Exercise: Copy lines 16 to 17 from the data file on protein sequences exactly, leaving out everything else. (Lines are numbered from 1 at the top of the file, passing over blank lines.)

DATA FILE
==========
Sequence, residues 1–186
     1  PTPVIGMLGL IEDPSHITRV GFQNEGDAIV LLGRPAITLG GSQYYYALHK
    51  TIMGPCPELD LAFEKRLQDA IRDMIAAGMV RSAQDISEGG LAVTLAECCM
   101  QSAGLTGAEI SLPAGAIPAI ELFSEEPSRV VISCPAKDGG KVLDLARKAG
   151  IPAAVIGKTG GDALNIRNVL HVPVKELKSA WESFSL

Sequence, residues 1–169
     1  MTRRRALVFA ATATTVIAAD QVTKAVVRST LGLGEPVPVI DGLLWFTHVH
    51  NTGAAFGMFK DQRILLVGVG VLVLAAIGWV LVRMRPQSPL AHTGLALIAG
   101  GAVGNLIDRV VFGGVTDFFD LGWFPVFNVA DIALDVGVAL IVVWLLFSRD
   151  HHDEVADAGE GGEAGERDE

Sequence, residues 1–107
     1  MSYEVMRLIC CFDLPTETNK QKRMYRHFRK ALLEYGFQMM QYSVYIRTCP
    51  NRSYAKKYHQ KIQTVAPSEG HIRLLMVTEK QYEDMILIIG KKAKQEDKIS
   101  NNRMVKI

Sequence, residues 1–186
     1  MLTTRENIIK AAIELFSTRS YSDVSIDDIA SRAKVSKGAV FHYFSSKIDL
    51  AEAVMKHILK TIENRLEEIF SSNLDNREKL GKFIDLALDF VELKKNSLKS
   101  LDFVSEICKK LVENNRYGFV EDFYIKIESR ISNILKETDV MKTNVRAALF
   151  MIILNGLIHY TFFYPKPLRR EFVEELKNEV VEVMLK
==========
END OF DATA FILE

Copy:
     1  MLTTRENIIK AAIELFSTRS YSDVSIDDIA SRAKVSKGAV FHYFSSKIDL
    51  AEAVMKHILK TIENRLEEIF SSNLDNREKL GKFIDLALDF VELKKNSLKS